By An Attendee of the Nay Pyi Taw TVET Forum
At the opening ceremony of the TVET Forum held in the Myanmar Convention Centre (2) , Nay Pyi Taw, from 15 to 16 July 2016, the State Counsellor Daw Aung San Su Kyi, in her opening speech, said that the role of Technical and Vocational Education and Training should not be looked upon as being lesser than that of the Higher Education sector. In fact in many countries TVET is taken up by youth as an educational path that meets their interest and can enhance their lives. In such countries, neither the young person nor their parents look upon TVET as being second class to higher education. She pointed out that countries focusing on vocational training had achieved development. The status of TVET in Myanmar should be such that all citizens believe that vocational training is a first-class education, she said. Next the State Counsellor invited suggestions for improving the system.
The State Counsellor’s remarks are only too true. In Myanmar it seems that most parents wish their children getting a ‘degree’ (preferably a professional one) as a mark of being ‘educated’ and to be assured of a good income job. Because of the ‘second class’ attitude to TVET by most parents, the education authorities are providing ‘pathways’ for TVET students who complete the course with good marks to be able to cross over to the Higher Education Stream and earn ‘Engineering’ degree. It is also the practice in some countries that those graduating with high marks from the polytechnics, are able to join the Universities and continue studies towards an engineering degree . But it seems only a few are qualified to attend the University courses.
In the first place, as all Engineering Educators will agree, there is a difference in the content of Engineering/Professional Courses from TVET Technician Courses. Engineering/Professional Courses are more targeted to concepts, design and analysis of systems. It can be said as being more knowledge based to nurture and promote ‘thinking’, ‘creating’ and ‘innovating’ and ‘advancing engineering/professional knowledge and technology’ at the highest post graduate level of the Higher Education Stream. Engineers are generally classified as ‘Professionals.’
On the other hand, TVET Technician Courses are more aligned to practical application of technology such as ‘doing’ ‘operating’ and ‘maintaining’. Engineering technicians or other technicians are generally classified as ‘Associate Professionals’. In future the need for technicians will far outstrip the need for engineers, according to the education experts.
It must be admitted however that in Myanmar at present, many B.E. graduate engineers are, being employed in supervisory positions of ‘Technicians’ and may well be performing the functions of ‘Technicians’.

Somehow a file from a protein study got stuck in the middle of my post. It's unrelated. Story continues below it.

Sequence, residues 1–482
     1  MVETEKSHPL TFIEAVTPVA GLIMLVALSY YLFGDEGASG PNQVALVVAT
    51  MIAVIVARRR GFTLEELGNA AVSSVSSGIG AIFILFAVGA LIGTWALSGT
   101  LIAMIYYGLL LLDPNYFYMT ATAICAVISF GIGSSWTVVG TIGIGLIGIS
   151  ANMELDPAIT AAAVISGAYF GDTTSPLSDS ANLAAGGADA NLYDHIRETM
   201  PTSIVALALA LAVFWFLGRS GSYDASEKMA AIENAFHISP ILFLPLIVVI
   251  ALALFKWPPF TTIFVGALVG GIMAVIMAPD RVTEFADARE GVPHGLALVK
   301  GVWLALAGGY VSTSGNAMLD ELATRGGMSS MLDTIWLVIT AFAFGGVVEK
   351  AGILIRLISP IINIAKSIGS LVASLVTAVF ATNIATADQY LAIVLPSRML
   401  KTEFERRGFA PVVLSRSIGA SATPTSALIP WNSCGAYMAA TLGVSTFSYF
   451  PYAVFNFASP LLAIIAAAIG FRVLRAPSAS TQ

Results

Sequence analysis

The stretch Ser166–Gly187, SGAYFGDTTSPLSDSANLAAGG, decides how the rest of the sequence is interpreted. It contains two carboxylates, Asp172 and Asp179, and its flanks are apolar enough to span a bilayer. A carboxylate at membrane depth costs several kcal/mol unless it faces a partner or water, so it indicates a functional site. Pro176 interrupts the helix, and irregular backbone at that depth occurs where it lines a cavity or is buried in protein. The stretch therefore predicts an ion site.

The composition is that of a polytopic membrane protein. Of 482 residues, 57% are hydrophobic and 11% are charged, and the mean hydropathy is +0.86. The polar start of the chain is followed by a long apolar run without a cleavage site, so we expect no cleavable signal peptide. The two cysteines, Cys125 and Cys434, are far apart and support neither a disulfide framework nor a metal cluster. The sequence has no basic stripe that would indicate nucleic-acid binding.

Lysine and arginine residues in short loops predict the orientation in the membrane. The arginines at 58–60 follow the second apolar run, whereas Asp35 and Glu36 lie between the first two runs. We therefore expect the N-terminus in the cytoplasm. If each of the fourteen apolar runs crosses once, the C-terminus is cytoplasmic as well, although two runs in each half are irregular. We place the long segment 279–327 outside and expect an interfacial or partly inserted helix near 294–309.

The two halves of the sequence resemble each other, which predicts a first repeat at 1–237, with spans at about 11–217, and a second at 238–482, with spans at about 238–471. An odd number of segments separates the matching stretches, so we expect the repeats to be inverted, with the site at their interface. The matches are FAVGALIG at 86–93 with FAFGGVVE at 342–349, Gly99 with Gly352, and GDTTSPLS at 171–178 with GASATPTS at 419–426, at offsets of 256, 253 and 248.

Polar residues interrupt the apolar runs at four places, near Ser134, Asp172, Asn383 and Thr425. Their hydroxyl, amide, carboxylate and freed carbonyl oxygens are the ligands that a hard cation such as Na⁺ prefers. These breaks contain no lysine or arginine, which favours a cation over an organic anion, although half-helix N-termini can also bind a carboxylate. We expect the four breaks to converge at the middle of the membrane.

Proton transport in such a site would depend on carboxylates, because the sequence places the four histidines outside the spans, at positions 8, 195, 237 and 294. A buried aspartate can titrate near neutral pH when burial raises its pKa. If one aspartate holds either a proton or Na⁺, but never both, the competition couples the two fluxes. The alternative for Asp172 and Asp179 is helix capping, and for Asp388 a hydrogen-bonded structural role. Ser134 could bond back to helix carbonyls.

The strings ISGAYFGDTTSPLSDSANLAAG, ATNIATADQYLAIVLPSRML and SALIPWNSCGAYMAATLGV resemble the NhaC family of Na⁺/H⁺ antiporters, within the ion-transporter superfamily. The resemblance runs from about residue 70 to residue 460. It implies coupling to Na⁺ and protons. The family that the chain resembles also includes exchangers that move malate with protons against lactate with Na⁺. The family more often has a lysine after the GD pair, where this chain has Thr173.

In Myanmar, to improve TVET stream, we could perhaps consider it as part of a distinct ‘Professional Stream.’ At the lower end of the ‘Professional Stream’ would be the skilled workers. Training of skilled workers would be undertaken by the ‘formal’ education sector comprising of Technical High Schools under TVET Department as well as the ‘non-formal sector’ comprising of skills training for workers by ‘Employers’ (both public and private) and training providers as set out in the Employment and Skills Development Law. At present skilled workers may obtain qualifications of National Occupational Competency Certificate at (4) levels, (level (1) being the lowest level) under the Employment and Skills Development Law.
From skilled worker level (4) upwards of the ‘Professional Stream’ would be the present TVET system Technician Level Diploma (AGTI) and above it the B.Tech Degree. In fact, B.Tech Degree level could be upgraded, based on the application of technology concept, to being of an equivalent level to the corresponding BE degree, so that TVET graduates need not seek a B.E. degree.
From the level of the upgraded B.Tech upwards ascending would be the various levels of ‘professional qualifications’, awarded by legally formed ‘professional bodies,’ the likes of which already exists. In such a case the highest ‘professional qualification’ would be at the same level as the highest qualification on the Higher Education Stream. The graduates at various levels of the professional higher education sector who take up employment in industry, business or commerce or are self-employed, will of course, also be part of the ‘Professional Stream’.
Important for the success of the ‘Professional Stream’ would be a system of quality assurance for all the qualifications in the stream. Subsequently, another requirement would be that the remuneration of B.Tech (upgraded) degree holders in the ‘Professional Stream’ should be the same as B.E degree holders.
The above suggestions are made bona fide with a view to further enhancing the status of Technical and Vocational Education and Training (TVET), making it more effective and at the same time more attractive to parents and students contemplating TVET educational path.
By An Attendee of the Nay Pyi Taw TVET Forum